I’ve noticed that, every time this happens, pro gun people tend to get down to the rhetoric of their party lines and stop being compassionate people.  Anti-gun people tend to drive into their place of complacent whining and hand-wringing with little follow-through–just heaps of outrage and ain’t it awful.  The religious, on both sides, tell us all to pray.  And while I appreciate the sentiment, we’ve been praying since the beginning of time and people continue dying for no damn reason.

I’ll admit something–I did a lot of the ain’t it awfulling for years.  I avoided conversations with pro-gun friends because I thought they were ignorant bullies.  I signed the damn petitions and went on my rants about how stupid people were.  I voted the same way I would have had this never happened.  But my actions, overall, changed nothing. Except maybe it made some of my friends nod their heads.

Then this year happened, and I had a chance to actually do some things that WOULD change things.  And I found myself in this moral quandary.  I decided to take the chance.  The things I’ve learned?  My God–I was pretty ignorant about the people I thought I knew so well.  I started realizing that I was acting in my own ethnocentric bubble, and that my “advocacy” was as violent as the acts I hated so much.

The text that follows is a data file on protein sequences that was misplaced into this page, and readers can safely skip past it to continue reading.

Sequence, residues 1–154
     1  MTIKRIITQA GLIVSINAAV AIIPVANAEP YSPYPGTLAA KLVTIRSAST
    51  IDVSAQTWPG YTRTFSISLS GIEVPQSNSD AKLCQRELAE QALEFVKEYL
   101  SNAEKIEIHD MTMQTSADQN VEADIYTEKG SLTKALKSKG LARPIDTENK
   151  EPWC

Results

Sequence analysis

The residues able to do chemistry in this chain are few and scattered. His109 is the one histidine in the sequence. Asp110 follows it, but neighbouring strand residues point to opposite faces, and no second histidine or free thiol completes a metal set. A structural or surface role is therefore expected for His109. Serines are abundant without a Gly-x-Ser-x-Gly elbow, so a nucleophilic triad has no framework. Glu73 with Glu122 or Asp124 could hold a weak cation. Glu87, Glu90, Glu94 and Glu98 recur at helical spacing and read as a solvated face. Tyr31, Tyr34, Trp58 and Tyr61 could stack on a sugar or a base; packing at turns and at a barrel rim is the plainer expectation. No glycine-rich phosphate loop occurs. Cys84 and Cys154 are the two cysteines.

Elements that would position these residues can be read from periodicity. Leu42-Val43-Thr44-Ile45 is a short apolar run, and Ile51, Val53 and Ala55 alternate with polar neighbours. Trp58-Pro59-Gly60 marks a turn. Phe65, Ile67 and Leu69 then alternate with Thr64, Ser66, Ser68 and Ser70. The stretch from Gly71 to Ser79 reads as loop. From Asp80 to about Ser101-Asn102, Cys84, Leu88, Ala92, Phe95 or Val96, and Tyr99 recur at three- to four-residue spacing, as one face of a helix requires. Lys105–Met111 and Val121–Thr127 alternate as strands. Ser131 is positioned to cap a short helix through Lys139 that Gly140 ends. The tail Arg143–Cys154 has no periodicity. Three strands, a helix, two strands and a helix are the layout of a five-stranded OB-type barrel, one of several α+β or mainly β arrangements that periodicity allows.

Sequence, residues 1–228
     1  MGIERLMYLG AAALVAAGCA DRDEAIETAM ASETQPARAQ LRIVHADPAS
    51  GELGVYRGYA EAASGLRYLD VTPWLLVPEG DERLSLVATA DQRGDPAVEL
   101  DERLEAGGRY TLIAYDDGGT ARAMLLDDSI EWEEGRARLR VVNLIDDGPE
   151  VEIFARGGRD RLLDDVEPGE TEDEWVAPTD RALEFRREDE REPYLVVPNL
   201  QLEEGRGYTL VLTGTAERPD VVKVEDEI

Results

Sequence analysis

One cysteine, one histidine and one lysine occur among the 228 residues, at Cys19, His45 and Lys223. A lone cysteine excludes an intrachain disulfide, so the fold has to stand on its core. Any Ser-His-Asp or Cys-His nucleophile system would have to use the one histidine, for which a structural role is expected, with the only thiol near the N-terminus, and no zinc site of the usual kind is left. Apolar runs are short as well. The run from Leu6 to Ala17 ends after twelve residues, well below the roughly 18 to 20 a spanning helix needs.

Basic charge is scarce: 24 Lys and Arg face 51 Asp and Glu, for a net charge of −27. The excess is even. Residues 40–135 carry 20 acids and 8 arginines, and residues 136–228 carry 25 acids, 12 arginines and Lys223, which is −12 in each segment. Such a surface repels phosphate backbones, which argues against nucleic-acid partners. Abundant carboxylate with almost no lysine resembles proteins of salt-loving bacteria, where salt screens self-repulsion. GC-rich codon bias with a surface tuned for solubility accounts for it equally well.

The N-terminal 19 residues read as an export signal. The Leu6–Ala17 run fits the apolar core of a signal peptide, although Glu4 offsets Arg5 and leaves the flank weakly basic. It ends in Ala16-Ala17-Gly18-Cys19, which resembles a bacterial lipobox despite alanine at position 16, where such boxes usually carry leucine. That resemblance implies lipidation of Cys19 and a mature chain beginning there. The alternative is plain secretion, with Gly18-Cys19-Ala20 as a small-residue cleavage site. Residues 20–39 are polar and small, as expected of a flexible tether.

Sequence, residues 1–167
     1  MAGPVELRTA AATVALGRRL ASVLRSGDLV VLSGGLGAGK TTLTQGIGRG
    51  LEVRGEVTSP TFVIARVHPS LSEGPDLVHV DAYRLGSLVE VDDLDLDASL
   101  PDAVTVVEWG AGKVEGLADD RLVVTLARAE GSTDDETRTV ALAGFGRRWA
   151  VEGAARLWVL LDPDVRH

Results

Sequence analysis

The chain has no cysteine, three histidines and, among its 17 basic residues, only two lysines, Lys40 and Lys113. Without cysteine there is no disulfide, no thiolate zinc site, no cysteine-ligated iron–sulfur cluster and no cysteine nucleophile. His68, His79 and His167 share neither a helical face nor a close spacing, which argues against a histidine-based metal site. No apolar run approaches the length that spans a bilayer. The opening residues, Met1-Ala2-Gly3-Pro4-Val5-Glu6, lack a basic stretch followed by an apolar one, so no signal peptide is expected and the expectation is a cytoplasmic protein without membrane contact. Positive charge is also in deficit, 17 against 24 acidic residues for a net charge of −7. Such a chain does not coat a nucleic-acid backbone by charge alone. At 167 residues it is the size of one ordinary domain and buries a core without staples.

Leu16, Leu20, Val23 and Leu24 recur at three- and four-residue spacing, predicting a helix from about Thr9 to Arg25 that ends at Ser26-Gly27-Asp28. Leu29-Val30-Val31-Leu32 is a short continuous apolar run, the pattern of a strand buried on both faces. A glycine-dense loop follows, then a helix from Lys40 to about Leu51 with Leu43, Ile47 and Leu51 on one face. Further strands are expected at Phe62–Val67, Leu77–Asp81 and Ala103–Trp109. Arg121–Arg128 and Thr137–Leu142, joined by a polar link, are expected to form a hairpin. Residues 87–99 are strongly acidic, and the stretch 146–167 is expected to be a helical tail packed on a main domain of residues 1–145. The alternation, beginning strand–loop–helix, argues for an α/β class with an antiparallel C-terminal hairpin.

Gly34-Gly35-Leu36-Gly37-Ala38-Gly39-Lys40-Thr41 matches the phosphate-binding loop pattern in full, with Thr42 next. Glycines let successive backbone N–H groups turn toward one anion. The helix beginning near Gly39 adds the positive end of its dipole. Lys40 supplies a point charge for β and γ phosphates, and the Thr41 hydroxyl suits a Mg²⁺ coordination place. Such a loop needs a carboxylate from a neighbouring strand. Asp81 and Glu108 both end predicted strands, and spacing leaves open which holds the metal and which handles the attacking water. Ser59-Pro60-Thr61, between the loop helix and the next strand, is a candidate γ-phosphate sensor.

Being involved with a Canadian, we have many convos about America and how just plain off we are about things that should just be straightforward.  Like–what the hell is our damage?

What I’ve learned this year is that it’s so easy to get caught up in the demonization spiral.  It’s so easy to forget our own humanity and the humanity of people who aren’t like us–when we’re angry about things that really do matter.  What I’ve learned is that the people I thought were stupid or the enemy are really just people who take this shit just as seriously as I do–and this is why the debate is so difficult.  We all think we’re right.  We all want to be right.  And we’re willing to cut each other down to be right.